THE coronavirus crisis has “brutally” exposed years of failings in workplace safety rules and Holyrood’s lack of powers to fix them, according to a new report for a leading think tank.

The analysis said the pandemic has shown the Scottish Government’s over-reliance on the UK Health and Safety Executive and its inability to protect Scottish workers directly.

It said protections against such an infectious disease were absent in factories, farms using migrant workers, and call centres – with the result that Covid could flourish.

Indeed, it said one of the reasons the pandemic has persisted is because public health has been a “low priority and workers didn’t have the sick pay and job protection” they needed.

Many union leaders have blamed poor PPE and staff fearful of taking time off sick for the explosion of Covid in care homes, where half of Scotland’s 4,200 deaths have occurred.

The report was written by Andrew Watterson, professor of health at Stirling University, for the left-wing Jimmy Reid Foundation. It said Covid had highlighted the UK’s poor record on worker health and safety, driven by successive governments seeking “better regulation”, which was really weaker regulation.

READ MORE: Covid cluster linked to Hawthorn Bar in Aberdeen after 13 new cases

It said: “Occupational health and safety is too often viewed as a cost and a burden on industry, not an investment because the human and economic costs of failures to protect workers can be offloaded on the victims, their communities and the NHS.

The costs are externalised, and so we all pay for bad employer and bad business practices. Health and safety is frequently hidden away or sometimes used by governments to mount ideological and not evidence-based attacks on so-called red tape – ‘elf and safety’ parodies.

It can be considered marginal, primarily affecting industrial and construction workers. 

“This was never the case because poor occupational health and safety through disease and injury adds significantly to NHS treatment costs and patient numbers. Covid-19 has brutally exposed the failures. 

“If the UK had conducted a proper occupational health and safety impact assessment for all workers faced with exposure to Covid, many illnesses and deaths could have been avoided.

“It was entirely predictable that multiple work locations would be hit by the pandemic and it is important the pandemic planning currently in place should now be reassessed as well as reviewed after the pandemic has ended.” 

Watterson recommends a muscular new independent health and safety body to safeguard the workforce, with workers, unions, employers and councils on the board. 
A Scottish Occupational Health Service should also be integrated into the NHS to end private-sector occupational health services which can be distrusted by staff.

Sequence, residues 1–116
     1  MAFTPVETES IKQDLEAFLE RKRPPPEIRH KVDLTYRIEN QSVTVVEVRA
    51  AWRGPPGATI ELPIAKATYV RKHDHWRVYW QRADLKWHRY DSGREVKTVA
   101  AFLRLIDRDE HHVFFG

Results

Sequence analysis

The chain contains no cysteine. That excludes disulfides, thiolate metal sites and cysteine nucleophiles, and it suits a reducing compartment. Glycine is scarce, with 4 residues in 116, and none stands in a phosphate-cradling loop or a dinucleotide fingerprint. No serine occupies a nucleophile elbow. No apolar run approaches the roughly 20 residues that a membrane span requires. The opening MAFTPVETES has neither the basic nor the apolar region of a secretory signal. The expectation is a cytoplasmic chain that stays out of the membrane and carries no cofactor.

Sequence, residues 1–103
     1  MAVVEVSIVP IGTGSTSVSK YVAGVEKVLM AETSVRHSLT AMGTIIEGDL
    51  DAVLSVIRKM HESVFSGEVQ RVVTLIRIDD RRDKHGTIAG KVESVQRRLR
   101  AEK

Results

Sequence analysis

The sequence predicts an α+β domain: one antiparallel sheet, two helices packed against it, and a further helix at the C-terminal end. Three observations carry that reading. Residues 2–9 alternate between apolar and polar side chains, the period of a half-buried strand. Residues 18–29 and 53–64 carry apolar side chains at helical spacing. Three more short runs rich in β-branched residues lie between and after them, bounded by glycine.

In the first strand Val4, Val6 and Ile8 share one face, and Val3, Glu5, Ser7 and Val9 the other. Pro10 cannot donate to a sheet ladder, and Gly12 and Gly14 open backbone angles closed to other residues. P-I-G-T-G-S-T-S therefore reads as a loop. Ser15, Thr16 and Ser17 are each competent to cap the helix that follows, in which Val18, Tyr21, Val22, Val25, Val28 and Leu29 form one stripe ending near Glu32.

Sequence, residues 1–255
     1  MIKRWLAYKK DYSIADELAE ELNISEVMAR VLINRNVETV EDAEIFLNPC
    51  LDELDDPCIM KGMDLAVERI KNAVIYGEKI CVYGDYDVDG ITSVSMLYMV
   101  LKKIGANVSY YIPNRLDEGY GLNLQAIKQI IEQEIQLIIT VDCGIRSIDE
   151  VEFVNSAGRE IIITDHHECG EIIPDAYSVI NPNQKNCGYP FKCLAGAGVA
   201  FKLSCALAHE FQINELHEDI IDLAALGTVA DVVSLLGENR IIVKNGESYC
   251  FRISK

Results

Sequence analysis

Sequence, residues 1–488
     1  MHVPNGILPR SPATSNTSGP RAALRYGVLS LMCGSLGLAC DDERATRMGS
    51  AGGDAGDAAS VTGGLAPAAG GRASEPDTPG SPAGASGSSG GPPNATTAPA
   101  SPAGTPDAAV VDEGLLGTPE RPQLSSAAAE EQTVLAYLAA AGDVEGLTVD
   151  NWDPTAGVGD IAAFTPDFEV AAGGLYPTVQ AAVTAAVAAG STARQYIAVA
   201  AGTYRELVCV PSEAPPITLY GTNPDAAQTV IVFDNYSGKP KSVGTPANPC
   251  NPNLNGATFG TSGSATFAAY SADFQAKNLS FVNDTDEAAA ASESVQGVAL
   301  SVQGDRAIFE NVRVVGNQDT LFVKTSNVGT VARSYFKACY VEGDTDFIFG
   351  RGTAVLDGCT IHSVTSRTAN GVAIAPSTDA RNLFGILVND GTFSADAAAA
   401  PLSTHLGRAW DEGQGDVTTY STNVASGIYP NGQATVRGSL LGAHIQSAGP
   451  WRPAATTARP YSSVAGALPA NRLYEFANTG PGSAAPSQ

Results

READ MORE: Coronavirus: Why it doesn't matter if antibodies fade after three months - and how the common cold might protect you from Covid

Future health and safety regimes, either under greater devolution of independence, should be “geared to prevention”, with precautionary principles embedded in the system, rather than left to a light-touch deregulated regime based on “flexibility” and “common sense”.

The report concludes: “Worker health and safety should never again be neglected in pandemic planning by public health bodies lacking expertise and autonomy and unable to effectively safeguard all workers at risk.”

Watterson said: ‘The challenges presented by Covid-19 have revealed many failings in the way the UK has addressed worker health and public health: the two cannot be divided. 

“Scotland has faced the pandemic challenge far better than the UK Government. 

“It is critical it now builds on its work post-pandemic and improves worker health and safety through a range of measures involving health, social and economic policy changes, and with recovery plans that create safe jobs across Scotland in a radical Green New Deal.”

Professor Gregor Gall, director of the Jimmy Reid Foundation, added: “The Foundation very much welcomes Professor Watterson’s valuable contribution to not only critically analysing the state of play of occupational health and safety in Scotland in the period of the pandemic but also by setting out a number of key recommendations which would significantly enhance the health and wellbeing of workers in Scotland.

“After all, we are constantly told by employers that workers are their most valuable asset. 

“It is time this perspective was realised and Professor Watterson has provided the recommendations which would allow this to happen.”

A Scottish Government spokesman said: “The Scottish Government has taken legislative powers to address the public health emergency arising from Covid-19. 

“The pandemic has had an unprecedented impact on those working in our NHS and in social care and we are hugely grateful for the extraordinary hard work, dedication, skill and commitment of frontline health and care workers during this emergency.

“All governments have a duty to ensure they are kept as safe as possible as they work on behalf of all of us.

 “During the pandemic we’ve been taking a collaborative approach, working with employers, workers, unions, police and regulatory bodies including the Health and Safety Executive to support frontline workers and help all workplaces understand how to restart safely, share expertise and work together to create safer workplaces.

“We have long called for the devolution of powers over the regulation of occupational health and safety. 

“This would enable us to tailor regulation to our unique balance of industries and areas like remote and rural working"